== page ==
A superhetrodyne receiver works on the principle the receiver has a local oscillator called a variable frequency oscillator or V.F.O. which maintains a constant difference between itself and the received frequency resulting in a constant intermediate frequency
This is a bit like having a little transmitter located within the receiver. Now if we still have our T.R.F. stages but then mix the received signal with our v.f.o. we get two other signals. (V.F.O. + R.F) and (V.F.O. - R.F).
In a traditional a.m. radio where the received signal is in the range 540 Khz to 1650 Khz the v.f.o. signal is always a constant 455 Khz higher or 995 Khz to 2105 Khz.
Several advantages arise from this and we will use our earlier example of the signal of 540 Khz:
(a) The input signal stages tune to 540 Khz. The adjacent channels do not matter so much now because the only signal to discriminate against is called the i.f. image. At 540 Khz the v.f.o. is at 995 Khz giving the constant difference of 455 Khz which is called the IF frequency. However a received frequency of v.f.o. + i.f. will also result in an i.f. frequency, i.e. 995 Khz + 455 Khz or 1450 Khz, which is called the i.f. image.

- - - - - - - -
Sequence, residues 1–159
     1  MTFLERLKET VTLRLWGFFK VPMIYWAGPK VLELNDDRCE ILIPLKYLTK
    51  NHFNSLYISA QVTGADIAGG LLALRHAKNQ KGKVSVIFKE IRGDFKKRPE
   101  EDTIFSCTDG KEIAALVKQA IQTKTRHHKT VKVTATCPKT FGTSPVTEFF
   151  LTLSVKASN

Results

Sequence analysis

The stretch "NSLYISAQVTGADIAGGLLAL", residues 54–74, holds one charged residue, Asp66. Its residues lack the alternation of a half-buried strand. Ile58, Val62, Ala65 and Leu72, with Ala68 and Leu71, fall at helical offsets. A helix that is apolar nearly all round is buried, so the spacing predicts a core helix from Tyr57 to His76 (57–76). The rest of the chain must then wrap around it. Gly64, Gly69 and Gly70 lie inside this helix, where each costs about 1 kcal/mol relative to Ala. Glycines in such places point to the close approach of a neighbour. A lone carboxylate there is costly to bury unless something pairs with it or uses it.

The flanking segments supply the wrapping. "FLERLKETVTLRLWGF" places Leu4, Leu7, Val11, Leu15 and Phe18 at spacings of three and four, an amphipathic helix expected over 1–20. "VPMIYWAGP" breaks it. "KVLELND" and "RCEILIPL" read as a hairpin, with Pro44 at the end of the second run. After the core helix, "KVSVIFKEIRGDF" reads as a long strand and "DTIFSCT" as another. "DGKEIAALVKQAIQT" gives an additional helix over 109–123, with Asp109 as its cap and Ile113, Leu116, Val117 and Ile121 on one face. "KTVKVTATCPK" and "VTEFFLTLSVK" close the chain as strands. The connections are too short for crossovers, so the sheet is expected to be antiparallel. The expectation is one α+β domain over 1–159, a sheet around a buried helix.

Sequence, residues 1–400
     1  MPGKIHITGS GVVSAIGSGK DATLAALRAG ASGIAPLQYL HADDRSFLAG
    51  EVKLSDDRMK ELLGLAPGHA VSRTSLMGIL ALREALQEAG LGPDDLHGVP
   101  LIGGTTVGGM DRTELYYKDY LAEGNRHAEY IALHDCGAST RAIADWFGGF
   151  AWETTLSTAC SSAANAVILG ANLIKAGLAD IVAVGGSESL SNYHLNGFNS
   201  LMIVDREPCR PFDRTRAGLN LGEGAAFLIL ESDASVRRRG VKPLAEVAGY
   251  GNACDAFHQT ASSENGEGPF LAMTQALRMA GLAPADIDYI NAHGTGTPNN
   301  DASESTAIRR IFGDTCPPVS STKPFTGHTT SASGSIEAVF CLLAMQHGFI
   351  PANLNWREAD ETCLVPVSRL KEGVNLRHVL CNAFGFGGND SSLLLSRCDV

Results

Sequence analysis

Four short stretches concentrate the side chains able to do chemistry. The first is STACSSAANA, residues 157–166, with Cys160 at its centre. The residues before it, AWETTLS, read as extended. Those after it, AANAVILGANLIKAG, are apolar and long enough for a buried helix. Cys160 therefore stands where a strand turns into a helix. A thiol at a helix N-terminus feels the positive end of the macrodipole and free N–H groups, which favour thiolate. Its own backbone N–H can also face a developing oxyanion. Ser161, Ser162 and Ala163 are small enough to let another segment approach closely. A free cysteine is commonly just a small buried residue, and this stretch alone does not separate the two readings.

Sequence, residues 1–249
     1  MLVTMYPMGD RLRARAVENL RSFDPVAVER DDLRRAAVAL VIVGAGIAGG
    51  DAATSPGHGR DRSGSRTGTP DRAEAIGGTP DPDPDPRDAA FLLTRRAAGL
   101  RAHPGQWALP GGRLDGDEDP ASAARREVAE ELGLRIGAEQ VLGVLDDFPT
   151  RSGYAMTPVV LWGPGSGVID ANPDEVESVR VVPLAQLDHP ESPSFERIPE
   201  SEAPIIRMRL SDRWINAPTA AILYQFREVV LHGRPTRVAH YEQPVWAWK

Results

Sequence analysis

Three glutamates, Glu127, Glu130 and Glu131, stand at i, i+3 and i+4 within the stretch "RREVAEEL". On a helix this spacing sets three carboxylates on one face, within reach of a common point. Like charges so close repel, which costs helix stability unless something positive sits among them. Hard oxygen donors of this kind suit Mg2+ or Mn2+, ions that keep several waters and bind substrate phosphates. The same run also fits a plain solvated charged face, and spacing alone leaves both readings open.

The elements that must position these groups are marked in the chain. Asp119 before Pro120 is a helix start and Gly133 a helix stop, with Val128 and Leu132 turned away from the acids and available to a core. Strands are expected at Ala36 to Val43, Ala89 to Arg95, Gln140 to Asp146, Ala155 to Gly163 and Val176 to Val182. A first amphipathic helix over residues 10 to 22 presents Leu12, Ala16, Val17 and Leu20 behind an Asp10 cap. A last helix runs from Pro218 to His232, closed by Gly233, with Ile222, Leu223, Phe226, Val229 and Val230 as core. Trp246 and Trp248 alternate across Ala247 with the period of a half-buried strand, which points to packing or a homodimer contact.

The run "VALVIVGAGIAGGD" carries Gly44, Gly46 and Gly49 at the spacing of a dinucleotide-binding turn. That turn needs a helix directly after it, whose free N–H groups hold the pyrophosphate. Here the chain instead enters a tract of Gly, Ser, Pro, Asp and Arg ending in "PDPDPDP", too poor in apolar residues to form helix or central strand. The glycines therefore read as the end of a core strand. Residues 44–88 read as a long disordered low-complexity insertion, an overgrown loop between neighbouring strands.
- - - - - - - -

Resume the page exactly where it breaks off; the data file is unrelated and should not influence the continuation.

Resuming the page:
Put another way, if a signal exists at 1450 Khz and mixed with the vfo of 995 Khz we still get an i.f. of 1450 - 995 = 455 Khz. Double signal reception. Any reasonable tuned circuit designed for 540 Khz should be able to reject signals at 1450 Khz. And that is now the sole purpose of the r.f. input stage.
(b) At all times we will finish up with an i.f. signal of 455 Khz. It is relatively easy to design stages to give constant amplification, reasonable bandwidth and reasonable shape factor at this one constant frequency. Radio design became somewhat simplified but of course not without its associated problems.
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Updated 13th July, 2000